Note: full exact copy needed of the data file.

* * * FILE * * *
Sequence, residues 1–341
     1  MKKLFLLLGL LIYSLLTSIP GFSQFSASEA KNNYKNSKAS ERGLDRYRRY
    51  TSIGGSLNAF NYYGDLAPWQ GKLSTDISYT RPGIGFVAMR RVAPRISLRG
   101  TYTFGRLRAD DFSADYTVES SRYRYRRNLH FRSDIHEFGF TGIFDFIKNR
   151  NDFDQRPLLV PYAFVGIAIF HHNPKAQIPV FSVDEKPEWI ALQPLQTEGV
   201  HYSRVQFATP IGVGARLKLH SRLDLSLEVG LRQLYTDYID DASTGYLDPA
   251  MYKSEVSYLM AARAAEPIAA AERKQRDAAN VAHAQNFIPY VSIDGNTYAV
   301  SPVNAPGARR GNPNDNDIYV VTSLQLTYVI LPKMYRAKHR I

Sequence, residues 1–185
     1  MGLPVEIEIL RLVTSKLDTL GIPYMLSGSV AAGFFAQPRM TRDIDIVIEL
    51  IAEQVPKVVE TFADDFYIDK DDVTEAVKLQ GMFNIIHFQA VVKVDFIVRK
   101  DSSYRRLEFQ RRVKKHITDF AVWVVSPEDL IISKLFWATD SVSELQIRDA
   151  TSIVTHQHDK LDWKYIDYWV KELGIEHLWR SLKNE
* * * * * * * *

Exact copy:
Sequence, residues 1–341
     1  MKKLFLLLGL LIYSLLTSIP GFSQFSASEA KNNYKNSKAS ERGLDRYRRY
    51  TSIGGSLNAF NYYGDLAPWQ GKLSTDISYT RPGIGFVAMR RVAPRISLRG
   101  TYTFGRLRAD DFSADYTVES SRYRYRRNLH FRSDIHEFGF TGIFDFIKNR
   151  NDFDQRPLLV PYAFVGIAIF HHNPKAQIPV FSVDEKPEWI ALQPLQTEGV
   201  HYSRVQFATP IGVGARLKLH SRLDLSLEVG LRQLYTDYID DASTGYLDPA
   251  MYKSEVSYLM AARAAEPIAA AERKQRDAAN VAHAQNFIPY VSIDGNTYAV
   301  SPVNAPGARR GNPNDNDIYV VTSLQLTYVI LPKMYRAKHR I

Sequence, residues 1–185
     1  MGLPVEIEIL RLVTSKLDTL GIPYMLSGSV AAGFFAQPRM TRDIDIVIEL
    51  IAEQVPKVVE TFADDFYIDK DDVTEAVKLQ GMFNIIHFQA VVKVDFIVRK
   101  DSSYRRLEFQ RRVKKHITDF AVWVVSPEDL IISKLFWATD SVSELQIRDA
   151  TSIVTHQHDK LDWKYIDYWV KELGIEHLWR SLKNE